Biological Oxygen Demand(BOD) : Principle, Protocol, Chemical equation and Calculation

  BOD is the amount of oxygen utilized by microorganisms while stabilizing biologically decomposable organic matter in waste water under aerobic condition. BOD is a measure of organic pollutant load. Greater the oxidizable organic matter in water, the greater will be the BOD.
The BOD values are thus very useful in process designed to measure treatment plant efficiency and operation.

The origin of organic compounds are human excreta, vegetables, animal waste and industrial waste. The amount of organic matter present in water shows the amount of BOD. Large amount of sewage introduced into water body do not get diluted sufficiently. Microorganisms use up all the oxygen in the water to oxidize organic matter as a result of which water becomes useless for drinking and for other purposes.

The complete degradation of organic matter may take 20 to 30days. Simple organic matters like glucose are almost completely oxidized in 5 days while domestic sewage is oxidized to 65% in this period and complex organic compound gets oxidized only up to 40%.

The 20 to 30 days period is of least significance in practice. Therefore, the BOD test has been developed for 5 days at 20°C. BOD in general gives a qualitative index of organic substances which are degraded quickly in short period of time.

Principle of BOD :

  Under alkaline conditions (by adding alkali-iodide azide), the manganese sulphate produces a white precipitate of manganese hydroxide, this reacts with the dissolved oxygen present in the sample to form a trivalent ion of  manganese hydroxide giving brown precipitate.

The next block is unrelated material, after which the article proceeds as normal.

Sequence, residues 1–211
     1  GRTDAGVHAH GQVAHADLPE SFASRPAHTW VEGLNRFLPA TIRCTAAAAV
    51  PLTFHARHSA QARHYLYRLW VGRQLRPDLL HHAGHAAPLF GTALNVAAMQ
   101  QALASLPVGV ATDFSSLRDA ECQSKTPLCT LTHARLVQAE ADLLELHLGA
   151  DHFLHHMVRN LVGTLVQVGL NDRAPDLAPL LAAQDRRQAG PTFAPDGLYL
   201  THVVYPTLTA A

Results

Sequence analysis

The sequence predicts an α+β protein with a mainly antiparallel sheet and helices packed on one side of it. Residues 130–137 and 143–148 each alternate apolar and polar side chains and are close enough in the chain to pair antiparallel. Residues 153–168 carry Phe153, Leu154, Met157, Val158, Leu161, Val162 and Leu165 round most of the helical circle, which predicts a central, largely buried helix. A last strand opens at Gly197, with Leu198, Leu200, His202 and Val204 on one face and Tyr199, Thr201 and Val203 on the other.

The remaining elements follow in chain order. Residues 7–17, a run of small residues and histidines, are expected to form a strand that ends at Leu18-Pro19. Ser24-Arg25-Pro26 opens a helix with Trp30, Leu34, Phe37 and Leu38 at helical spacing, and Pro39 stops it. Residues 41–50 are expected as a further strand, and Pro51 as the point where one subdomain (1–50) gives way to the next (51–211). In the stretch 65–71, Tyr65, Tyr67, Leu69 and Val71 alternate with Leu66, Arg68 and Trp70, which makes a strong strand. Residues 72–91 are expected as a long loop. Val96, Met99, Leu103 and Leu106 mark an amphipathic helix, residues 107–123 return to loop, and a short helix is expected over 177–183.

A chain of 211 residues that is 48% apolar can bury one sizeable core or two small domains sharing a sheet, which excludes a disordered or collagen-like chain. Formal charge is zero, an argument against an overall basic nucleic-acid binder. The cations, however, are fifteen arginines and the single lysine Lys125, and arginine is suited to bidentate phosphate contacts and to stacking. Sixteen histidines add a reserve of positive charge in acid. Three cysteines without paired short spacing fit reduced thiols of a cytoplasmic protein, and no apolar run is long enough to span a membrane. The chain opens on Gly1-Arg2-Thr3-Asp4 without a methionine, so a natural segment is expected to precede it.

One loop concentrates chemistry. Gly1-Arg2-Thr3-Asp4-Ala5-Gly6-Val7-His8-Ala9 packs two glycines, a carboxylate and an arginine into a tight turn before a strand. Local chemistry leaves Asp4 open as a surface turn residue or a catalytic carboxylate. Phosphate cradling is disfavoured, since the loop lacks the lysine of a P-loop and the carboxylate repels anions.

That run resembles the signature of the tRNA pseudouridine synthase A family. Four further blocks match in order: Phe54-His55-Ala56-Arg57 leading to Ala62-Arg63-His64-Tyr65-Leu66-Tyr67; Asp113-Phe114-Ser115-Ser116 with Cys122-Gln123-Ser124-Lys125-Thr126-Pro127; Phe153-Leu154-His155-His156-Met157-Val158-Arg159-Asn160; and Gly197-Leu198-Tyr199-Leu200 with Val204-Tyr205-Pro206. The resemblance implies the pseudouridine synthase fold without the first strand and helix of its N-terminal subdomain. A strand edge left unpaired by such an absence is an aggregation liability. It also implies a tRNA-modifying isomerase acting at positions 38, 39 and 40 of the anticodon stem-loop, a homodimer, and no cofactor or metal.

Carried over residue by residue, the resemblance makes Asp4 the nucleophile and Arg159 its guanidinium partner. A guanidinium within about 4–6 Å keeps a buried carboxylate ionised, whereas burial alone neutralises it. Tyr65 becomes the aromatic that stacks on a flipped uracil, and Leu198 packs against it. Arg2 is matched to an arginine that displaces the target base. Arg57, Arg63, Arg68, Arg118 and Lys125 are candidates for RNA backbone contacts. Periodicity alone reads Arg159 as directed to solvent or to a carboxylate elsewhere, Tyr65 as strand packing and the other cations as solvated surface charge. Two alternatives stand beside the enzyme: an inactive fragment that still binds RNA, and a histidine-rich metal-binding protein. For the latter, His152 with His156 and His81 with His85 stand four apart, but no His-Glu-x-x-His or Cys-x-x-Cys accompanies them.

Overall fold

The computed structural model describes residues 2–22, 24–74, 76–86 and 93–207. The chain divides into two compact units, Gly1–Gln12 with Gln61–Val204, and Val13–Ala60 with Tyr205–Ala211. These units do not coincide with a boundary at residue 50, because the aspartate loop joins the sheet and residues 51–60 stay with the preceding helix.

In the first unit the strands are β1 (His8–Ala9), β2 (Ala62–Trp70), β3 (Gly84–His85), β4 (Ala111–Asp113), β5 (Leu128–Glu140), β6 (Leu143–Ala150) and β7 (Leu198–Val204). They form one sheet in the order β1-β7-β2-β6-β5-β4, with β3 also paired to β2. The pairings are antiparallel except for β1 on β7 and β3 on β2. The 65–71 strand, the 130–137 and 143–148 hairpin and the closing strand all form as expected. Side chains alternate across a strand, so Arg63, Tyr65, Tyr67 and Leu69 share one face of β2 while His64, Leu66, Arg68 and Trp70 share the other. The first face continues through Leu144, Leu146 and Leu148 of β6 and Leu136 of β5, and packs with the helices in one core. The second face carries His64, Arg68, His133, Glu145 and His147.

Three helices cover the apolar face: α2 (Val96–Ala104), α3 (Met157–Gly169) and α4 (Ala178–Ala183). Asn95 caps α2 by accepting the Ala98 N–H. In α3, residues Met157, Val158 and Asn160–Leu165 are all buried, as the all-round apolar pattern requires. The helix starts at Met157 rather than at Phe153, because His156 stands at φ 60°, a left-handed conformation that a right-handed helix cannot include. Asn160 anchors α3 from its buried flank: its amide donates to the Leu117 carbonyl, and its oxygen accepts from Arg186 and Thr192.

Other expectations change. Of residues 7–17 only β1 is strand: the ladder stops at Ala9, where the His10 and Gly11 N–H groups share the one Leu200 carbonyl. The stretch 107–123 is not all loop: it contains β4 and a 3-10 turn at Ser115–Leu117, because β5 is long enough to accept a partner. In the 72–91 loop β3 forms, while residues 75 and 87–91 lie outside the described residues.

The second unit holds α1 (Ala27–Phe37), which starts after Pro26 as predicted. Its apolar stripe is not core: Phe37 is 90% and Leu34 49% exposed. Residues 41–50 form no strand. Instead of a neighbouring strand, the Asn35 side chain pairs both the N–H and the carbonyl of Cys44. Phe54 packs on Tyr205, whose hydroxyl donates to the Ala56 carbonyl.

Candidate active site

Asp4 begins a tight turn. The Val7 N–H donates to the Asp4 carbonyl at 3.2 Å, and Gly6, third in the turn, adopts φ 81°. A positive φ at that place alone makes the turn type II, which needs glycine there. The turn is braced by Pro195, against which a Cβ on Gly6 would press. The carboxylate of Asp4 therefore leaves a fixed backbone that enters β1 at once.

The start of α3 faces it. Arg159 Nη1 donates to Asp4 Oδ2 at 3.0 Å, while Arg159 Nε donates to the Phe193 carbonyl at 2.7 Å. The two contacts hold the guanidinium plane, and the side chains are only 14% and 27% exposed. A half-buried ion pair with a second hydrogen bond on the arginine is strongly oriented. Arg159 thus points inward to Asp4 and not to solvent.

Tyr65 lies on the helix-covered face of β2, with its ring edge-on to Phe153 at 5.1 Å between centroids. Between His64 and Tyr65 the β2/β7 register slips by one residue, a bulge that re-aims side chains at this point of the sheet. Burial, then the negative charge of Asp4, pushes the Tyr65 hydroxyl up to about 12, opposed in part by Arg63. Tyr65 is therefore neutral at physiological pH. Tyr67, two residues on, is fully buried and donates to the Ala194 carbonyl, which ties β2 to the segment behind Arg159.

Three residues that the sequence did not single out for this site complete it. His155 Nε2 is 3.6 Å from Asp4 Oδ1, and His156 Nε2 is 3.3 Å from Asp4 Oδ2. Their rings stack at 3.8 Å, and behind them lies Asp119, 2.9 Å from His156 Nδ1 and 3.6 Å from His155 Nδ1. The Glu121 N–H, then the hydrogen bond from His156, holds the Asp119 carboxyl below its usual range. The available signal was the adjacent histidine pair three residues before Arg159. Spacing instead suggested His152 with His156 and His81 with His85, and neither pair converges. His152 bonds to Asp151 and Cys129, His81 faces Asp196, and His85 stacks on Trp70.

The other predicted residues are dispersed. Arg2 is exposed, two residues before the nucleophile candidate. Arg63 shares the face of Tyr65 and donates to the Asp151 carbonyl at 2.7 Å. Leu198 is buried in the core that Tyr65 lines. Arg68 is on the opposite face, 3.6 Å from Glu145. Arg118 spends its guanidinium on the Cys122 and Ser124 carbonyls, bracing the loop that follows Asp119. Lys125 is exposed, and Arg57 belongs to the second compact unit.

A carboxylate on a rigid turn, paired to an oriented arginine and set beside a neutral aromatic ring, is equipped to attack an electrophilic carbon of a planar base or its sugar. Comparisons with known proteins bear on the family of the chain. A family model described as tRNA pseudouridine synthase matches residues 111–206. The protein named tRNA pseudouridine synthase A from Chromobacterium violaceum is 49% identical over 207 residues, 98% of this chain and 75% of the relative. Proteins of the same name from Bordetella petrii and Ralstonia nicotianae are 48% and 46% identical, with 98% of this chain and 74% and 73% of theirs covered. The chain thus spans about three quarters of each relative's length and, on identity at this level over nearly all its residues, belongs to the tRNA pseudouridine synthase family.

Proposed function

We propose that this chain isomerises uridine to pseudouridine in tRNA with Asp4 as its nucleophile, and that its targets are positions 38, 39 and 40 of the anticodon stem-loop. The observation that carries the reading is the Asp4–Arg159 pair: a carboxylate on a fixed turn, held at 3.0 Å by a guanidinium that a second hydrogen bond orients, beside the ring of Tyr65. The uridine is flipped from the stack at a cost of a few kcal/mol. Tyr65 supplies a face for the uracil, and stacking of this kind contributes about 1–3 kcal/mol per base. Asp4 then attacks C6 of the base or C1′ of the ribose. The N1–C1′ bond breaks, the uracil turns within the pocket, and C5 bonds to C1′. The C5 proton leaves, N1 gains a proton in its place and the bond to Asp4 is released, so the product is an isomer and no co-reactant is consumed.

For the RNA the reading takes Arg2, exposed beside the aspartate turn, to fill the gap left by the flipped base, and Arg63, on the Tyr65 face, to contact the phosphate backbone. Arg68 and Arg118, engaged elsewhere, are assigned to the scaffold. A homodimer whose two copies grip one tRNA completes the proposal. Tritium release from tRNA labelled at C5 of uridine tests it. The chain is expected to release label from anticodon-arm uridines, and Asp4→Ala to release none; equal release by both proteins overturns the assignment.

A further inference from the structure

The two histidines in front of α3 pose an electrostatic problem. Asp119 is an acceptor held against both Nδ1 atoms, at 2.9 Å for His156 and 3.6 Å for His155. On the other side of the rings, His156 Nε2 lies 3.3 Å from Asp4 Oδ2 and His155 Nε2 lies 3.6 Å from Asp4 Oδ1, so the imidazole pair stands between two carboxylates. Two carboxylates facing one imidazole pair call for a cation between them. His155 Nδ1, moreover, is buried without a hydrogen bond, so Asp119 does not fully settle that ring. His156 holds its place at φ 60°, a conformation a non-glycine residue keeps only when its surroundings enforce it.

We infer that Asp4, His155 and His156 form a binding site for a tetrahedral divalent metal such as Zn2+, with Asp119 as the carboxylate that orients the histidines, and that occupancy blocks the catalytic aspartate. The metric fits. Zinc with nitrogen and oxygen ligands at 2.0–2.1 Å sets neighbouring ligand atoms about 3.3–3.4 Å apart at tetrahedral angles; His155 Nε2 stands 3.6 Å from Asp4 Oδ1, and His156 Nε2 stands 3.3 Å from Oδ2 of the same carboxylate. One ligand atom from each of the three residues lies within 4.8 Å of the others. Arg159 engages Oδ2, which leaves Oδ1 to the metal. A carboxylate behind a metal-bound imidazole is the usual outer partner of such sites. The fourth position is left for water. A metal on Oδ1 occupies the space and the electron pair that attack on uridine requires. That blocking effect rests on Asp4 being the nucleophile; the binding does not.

In acidic condition, manganese diverts to its divalent state and release iodine. This release iodine is titrated against sodium thiosulphate using starch as an indicator.

BOD chemical test equation
BOD test chemical reactions

Reagents and Apparatus:

  • BOD bottle, BOD incubator, Burette, Pipette, Measuring cylinder.
  • MnSO4 (Manganese sulphate) : Dissolve 48g of MnSO₄·3H₂O in 100ml of distilled water. Filter if necessary.
  • Alkali- Iodide-Azide : Dissolve 50g of NaOH and 15g KI in 100ml distilled water. Add 1 g NaN3 dissolved in 4ml distilled water.
  • Conc. H2SO4 :
  • Starch Indicator (1%) : 1g of starch dissolve in 100ml distilled water.
  • 0.025N Sodium thiosulphate : 1.24g of sodium thiosulphate in 200ml distilled water.


  • Collect the waste water sample.
  • Collect 300ml of waste water sample in BOD bottle using pipette without making air bubble.
  • Add 2 ml of MnSO4 to the BOD bottle carefully by inserting the pipette just below the surface of water.
  • Add 2ml of alkali-iodide-azide reagent in the same manner. Stopper the bottle immediately.
  • Mix well by inverting the bottle 2-3 times, a brownish cloud will appear in the solution as an indicator of the presence of oxygen.
  • Allow the precipitate to settle leaving approx. 150ml clear supernatant.
  • Add 2ml of conc. H2SO4 carefully without forming air bubbles, mix the solution well to dissolve the precipitate.
  • Take 200ml solution from this in Erlenmeyer flask and titrate against Na2S2O3 using starch as an indicator.  (Note: Color change from bluish greenish to colorless)
  • For blank use distilled water.
  • Keep one bottle for determination of initial Dissolved oxygen (DO) level on 1st day and incubate 2nd bottle at 20°C for the determination of DO level on 5th day for waste water sample and Blank both.


Dissolved oxygen (DO):

DO = V1 X N X 8 X 1000/ Sample volume
Where, V1= volume of titrant used; N= normality of titrant (0.025N);
Sample volume - 200ml; 8ml of Na2S2O3= 8 mg/L of DO

Calculation of BOD:

BOD= (D1-D5) - (C1-C5)
Where,  D1=DO in the Sample on 1stday; D5= DO in the Sample on 5th day;
C1=DO in the Blank on 1st day; D5= DO in the Blank on 5th day.

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